But nothing like concrete data. So let us check our thesis with actual evidence..
Given below are the SIP returns for different holding periods (7Y to 20Y) in Sensex across different starting dates starting from 1980 till date covering almost 28 years.
The SIP returns below 10% has been shaded in red, 10% to 12% in yellow and above 12% in green.
Now if you are like the rest of us, you must have switched off seeing the complex table above. No worries, just relax, take a deep breath and focus only on the 10Y column. Take a note of all the periods where the returns were lower than 10Y (i.e the ones shaded in red)
You would have noticed that, 10Y SIP returns have been low for investors who started their SIP between mid of 1990 to 1994. Going by our last 3 years being bad logic, most of the returns between 1997 to 2004 must have been really bad for Sensex.
Let us check..
As expected, the returns of Sensex has been poor between 1995 to 2002 – which has led to weak performance in the 10Y SIPs started between 1990 to 1994.
What does this mean for us?
For all those who have started or are planning to start their SIPs now – the Sensex returns of 2025-27 will be the critical determinant of overall returns (the previous 7 years of course do matter but of slightly lower significance).
So at this juncture, don’t break your head over near term concerns of whether the market is expensive or not today as your overall portfolio has not yet been built and your incremental money via an SIP will get averaged out over the ups and downs of equity market..
But what if we end up as the unlucky lot and the returns of 2025-27 goes for a toss?
Unfortunately, we have no way of predicting what will happen to the markets after 7 years.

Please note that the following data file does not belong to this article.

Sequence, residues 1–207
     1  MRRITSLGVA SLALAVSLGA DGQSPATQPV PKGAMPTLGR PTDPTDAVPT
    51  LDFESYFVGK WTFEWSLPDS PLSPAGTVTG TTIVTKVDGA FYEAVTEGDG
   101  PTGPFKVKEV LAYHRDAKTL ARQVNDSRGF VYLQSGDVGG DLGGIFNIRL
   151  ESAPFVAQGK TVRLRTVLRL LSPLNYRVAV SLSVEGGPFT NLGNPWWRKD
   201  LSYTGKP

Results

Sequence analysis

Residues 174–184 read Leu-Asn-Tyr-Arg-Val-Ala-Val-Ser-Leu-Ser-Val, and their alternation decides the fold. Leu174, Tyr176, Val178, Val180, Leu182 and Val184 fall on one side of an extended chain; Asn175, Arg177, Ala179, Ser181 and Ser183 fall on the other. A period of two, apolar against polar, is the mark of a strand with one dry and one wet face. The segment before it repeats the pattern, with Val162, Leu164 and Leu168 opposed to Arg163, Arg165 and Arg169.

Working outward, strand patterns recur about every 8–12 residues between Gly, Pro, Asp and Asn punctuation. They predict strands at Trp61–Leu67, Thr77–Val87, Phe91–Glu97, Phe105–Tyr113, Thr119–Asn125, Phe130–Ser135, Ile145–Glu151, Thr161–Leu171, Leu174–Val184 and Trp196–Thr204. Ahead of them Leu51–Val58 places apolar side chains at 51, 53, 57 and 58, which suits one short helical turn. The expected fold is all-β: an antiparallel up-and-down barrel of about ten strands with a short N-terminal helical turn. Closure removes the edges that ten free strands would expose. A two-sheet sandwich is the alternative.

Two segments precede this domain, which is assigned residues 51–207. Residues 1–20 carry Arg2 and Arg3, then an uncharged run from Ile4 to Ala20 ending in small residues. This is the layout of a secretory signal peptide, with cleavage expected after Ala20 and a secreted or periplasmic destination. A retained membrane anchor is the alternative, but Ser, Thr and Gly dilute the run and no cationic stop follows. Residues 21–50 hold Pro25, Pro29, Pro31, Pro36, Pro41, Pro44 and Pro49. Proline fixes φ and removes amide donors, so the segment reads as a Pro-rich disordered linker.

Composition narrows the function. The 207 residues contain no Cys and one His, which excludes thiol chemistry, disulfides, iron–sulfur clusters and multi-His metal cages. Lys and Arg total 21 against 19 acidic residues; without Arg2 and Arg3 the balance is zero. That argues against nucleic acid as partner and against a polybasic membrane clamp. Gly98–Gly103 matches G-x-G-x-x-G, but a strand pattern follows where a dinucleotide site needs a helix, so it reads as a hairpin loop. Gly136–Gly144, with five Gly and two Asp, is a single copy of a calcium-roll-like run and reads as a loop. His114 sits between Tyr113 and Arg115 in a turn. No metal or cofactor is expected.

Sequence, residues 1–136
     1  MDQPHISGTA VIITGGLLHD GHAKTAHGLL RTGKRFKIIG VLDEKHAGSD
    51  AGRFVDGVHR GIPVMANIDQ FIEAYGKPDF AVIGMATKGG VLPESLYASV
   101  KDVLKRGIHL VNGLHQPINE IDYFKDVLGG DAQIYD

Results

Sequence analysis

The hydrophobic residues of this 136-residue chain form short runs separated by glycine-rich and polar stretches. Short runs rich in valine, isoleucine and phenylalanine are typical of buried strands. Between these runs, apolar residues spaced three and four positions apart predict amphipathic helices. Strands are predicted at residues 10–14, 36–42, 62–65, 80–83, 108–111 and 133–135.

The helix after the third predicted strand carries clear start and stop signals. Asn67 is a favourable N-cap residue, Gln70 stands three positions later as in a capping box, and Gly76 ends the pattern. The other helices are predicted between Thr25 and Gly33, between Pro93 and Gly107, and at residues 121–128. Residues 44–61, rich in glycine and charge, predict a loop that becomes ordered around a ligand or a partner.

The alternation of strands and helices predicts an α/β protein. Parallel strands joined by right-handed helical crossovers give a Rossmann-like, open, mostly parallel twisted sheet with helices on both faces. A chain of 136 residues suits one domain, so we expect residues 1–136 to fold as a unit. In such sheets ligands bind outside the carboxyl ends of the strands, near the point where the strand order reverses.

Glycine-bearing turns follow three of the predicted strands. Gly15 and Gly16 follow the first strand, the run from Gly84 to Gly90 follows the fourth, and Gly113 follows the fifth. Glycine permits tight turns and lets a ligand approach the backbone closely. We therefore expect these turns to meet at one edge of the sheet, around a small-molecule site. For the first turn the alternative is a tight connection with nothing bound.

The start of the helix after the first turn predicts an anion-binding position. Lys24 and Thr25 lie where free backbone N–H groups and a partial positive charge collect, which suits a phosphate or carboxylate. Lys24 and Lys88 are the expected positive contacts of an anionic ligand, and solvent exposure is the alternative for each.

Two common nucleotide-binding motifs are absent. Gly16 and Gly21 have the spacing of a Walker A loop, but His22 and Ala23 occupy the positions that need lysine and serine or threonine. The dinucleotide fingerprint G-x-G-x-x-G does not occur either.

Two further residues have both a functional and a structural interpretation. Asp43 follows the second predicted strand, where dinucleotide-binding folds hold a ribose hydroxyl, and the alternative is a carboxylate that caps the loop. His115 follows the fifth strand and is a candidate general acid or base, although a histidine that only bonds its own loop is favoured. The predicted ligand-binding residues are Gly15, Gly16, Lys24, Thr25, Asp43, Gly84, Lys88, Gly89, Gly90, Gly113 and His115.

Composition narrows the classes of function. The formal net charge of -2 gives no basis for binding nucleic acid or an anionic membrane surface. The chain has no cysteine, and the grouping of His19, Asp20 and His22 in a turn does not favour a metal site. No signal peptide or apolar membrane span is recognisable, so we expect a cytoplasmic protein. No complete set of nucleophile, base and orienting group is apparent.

But, all is not lost..there are a some investors who have actually experienced this situation earlier..Maybe we might find some clues there..
Let us go back and find out what happened to to the unlucky 1990-94 SIP investors.
Now with the benefit of hindsight, what would have been your advice to them?
Let me guess your magic words..
“Boss..Hang on for a few more years”
I know it sounds outrageously simple and dumb. But truth be told it is, perhaps emotionally the most difficult to pull off.
As seen above, the unlucky investors by simply extending their time frame to around 11-15 years, could have reversed their fortunes!
Takeaway: When doing a long term SIP in equities a time frame of 10-15 years is required for reasonable returns (and always be prepared to extend your time frame)
Even if you manage anything above 10% in Sensex, funds managed by good fund managers should be able to provide an outperformance of around 2-4% which implies a 12-14% return which is good enough.
Any other solution?
The other way especially for large portfolios, is to practice asset allocation (i.e allocate between equity, debt and gold and re-balance based on market conditions. This is easier said than done. But no worries I will address them someday in the future.)
Summing it up
- SIP will take advantage of equity market ups and downs only in the initial years, when the underlying equity portfolio is just about getting built
- As years progress, the underlying portfolio in most cases will grow and will be subject to equity market ups and downs
- Even 10Y SIPs can have lower returns as equity market returns in the last 3-4 years have a large bearing on overall returns
- Simple solution is to be prepared to extend your investment time horizon (to around 11-15 years)
- For large portfolios, asset allocation while behaviorally difficult to implement is a great solution (if you have a good advisor to help you out)